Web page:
Author Topic: Mechanics of SWR?  (Read 1954 times)

Raoul Duke

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Mechanics of SWR?
« on: May 10, 2017, 08:08:59 PM »
Hi folks,

Please forgive a very naive question but can anyone shed some light on the raw mechanics of how one withdraws income from a portfolio please?

Let's say the portfolio is $1MM and the planned SWR is 3%, i.e. require $30K income per year. Say the dividends from the portfolio are 2%, so that's $20K. From poking around the mmm blog and this forum, it sounds like the remaining $10K is obtained through selling off 1% stock (which has hopefully experienced some growth > 1%). However, although after selling 1% of stock the net asset value should still be higher than start point (assuming growth > 1%), the number of remaining shares will be reduced, which will therefore produce a slightly lower dividend in the subsequent year, which will lead to a slightly larger amount of shares being sold to meet the deficit, and ...... this looks like a compounding negative situation? Is this an accurate analysis or am I missing some key point?

Greatly appreciate some clarity here - thanks!

ysette9

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Re: Mechanics of SWR?
« Reply #1 on: May 10, 2017, 08:16:18 PM »
The key point you are missing is that ok average, over the long term your 3% withdrawal rate (however you take it; it makes no difference if from dividends or selling stock) is less than the average growth rate of your portfolio. If your equities portfolio grows at a real rate of 7% and you are taking out 3% (or 4%) then you are still coming out ahead.

This ignores sequence-of-returns risk which is a possibility with a 4% withdrawal rate. At a 3% withdrawal rate you are so totally bullet-proof you don't need to worry about that

maizeman

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Re: Mechanics of SWR?
« Reply #2 on: May 10, 2017, 08:24:13 PM »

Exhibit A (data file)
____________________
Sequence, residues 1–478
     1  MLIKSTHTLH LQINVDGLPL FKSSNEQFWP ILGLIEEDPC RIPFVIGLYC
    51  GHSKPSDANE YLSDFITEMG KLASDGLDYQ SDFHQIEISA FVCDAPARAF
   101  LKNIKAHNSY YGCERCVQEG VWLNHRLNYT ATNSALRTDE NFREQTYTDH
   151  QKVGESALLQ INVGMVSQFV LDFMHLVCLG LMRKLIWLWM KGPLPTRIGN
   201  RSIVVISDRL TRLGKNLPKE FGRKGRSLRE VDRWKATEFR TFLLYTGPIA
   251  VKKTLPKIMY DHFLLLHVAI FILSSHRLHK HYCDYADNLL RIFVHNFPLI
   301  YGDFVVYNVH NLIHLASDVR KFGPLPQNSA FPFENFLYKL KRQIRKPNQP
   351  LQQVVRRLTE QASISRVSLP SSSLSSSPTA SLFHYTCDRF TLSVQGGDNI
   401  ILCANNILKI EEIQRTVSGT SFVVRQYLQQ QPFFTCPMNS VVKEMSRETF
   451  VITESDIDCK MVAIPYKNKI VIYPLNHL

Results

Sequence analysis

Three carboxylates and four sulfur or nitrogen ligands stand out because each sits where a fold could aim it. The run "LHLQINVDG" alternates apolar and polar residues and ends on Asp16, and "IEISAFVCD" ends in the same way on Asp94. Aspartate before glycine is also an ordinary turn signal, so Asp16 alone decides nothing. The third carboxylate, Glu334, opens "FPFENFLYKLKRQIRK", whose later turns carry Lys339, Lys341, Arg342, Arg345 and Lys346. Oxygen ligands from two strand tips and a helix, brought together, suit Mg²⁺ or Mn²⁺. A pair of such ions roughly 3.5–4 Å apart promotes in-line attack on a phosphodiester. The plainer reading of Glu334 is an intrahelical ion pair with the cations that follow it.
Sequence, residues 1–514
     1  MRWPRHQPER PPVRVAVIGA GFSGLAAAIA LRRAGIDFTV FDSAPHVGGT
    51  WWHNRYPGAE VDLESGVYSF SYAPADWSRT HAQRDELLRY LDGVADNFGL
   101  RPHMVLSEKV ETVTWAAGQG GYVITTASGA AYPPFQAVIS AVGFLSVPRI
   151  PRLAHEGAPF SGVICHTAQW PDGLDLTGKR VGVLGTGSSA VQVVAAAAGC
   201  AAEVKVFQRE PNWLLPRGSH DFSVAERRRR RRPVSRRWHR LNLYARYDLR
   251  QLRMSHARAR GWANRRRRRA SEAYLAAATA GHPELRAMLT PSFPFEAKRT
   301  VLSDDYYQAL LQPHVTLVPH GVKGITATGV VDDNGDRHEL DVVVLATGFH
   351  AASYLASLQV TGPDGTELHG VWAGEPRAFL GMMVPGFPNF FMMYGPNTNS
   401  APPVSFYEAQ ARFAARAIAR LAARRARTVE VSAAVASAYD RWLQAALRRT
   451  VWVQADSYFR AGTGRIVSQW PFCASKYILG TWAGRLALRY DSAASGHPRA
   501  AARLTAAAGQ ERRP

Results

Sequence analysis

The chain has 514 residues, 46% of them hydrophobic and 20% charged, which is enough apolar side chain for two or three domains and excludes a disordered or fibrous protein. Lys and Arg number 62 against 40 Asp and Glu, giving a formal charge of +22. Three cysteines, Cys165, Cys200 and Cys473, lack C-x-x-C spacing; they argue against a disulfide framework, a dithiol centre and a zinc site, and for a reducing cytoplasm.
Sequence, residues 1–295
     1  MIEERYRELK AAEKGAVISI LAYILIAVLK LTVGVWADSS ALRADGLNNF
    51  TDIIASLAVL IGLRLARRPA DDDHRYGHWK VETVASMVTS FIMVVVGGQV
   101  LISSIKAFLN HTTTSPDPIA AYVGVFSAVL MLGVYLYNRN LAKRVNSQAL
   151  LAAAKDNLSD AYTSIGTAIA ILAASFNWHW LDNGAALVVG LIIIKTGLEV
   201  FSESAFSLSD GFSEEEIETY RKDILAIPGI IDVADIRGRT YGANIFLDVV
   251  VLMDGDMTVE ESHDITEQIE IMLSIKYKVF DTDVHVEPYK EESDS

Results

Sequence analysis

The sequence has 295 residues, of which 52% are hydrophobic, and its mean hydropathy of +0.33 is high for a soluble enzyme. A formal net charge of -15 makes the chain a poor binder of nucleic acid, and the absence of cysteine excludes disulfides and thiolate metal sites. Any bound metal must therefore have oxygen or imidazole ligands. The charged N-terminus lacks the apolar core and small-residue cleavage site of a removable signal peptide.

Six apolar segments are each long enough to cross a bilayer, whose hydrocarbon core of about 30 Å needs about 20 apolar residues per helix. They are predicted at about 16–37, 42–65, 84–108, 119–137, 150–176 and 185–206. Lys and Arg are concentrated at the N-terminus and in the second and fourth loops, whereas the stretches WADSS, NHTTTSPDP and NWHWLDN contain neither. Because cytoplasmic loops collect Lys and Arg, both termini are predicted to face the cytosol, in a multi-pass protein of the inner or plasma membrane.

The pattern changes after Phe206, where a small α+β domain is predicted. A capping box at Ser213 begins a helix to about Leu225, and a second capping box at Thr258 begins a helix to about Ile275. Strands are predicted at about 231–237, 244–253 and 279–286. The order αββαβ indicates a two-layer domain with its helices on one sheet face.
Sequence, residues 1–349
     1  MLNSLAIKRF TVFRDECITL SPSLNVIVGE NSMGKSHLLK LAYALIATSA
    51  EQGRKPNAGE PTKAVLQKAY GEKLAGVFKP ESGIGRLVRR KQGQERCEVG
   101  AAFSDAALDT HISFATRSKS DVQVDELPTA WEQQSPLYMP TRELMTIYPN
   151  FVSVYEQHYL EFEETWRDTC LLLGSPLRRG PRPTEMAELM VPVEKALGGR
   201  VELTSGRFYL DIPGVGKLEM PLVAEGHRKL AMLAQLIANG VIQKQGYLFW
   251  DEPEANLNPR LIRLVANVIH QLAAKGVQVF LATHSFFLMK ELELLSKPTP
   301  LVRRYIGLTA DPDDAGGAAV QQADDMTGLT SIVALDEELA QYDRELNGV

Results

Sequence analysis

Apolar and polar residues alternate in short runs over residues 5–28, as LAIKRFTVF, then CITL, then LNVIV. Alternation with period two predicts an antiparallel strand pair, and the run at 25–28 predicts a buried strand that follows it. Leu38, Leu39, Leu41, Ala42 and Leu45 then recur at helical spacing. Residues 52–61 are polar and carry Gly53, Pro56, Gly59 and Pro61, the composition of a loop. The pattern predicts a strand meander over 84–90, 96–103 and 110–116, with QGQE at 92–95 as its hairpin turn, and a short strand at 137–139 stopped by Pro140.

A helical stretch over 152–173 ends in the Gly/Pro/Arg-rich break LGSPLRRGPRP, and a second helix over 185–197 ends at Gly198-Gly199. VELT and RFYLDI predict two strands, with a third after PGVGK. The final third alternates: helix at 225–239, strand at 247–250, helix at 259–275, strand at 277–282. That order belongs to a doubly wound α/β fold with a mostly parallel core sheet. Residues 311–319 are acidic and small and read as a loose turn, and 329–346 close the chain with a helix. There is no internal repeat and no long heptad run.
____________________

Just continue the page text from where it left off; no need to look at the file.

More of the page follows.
What you're missing is that in the average year dividends per share would also go up (average increase of ~5% a year).

So in the average year you'd end up have slightly fewer shares, each worth slightly more money and each paying a slightly higher dividend per share than in the previous year.

Raoul Duke

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Re: Mechanics of SWR?
« Reply #3 on: May 11, 2017, 07:16:52 PM »
Folks,

Thank you all for taking the time to reply, I appreciate it. What you've said makes broad sense and i guess i was aware of the "sequence of returns" issue, which could make things more difficult for an early retiree if several bad years occur in a row at the beginning of retirement. Not sure one can really plan for that however.

Regarding maizeman's comment that dividends, on average, increase by 5% per year, out of interest i looked at the dividend paid out from Vanguard's S&P 500 index fund VFIAX (data from 2002 until present) and this doesn't quite jive. The reason i pick this example is because this index fund is popular among mustachians. Looks like they've stayed relatively constant around 2% over the 15 year period. Maybe maizeman was referring to dividends from individual stocks?

Thanks again!

maizeman

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Re: Mechanics of SWR?
« Reply #4 on: May 11, 2017, 07:44:20 PM »
Raoul, dividends are paid in absolute amounts, not percentages. You're looking at dividends as a percentage of share price rather than in absolute payout per share, so the increase in the value of the index is camouflaging the increase in the amount of dividends paid out.

Let's pretend you bought an ETF fund which tracks the S&P 500 in 2002 and the units cost $100 a share at that point.

In 2002, the S&P 500 had a dividend yield of 1.79%, so each ETF share would pay you $1.79 in dividends per year ($100*0.0179). 

15 years ago the S&P index was at 1097, today it is at 2394, a total increase of 118%, so today the ETF share you bought in 2002 is worth $218. Today the dividend yield of the S&P 500 is 1.94% so each share is paying you $4.23 in dividends per year ($218*0.0194).

That means the amount of money you receive per ETF share has increased 136% over fifteen years, which works out to dividends increasing at an annual rate of 5.9%

Edit: L.A.S. did a great job of explaining this more clearly than than I managed, thanks!
« Last Edit: May 11, 2017, 07:46:10 PM by maizeman »

Raoul Duke

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Re: Mechanics of SWR?
« Reply #5 on: May 12, 2017, 06:11:18 PM »
Hey L.A.S and maizeman - these are great replies! Thanks so much. I really appreciate the clarity (like i said, I'm naive to this stuff...) and i must say it sounds pretty encouraging.

The learning continues.......

Cheers!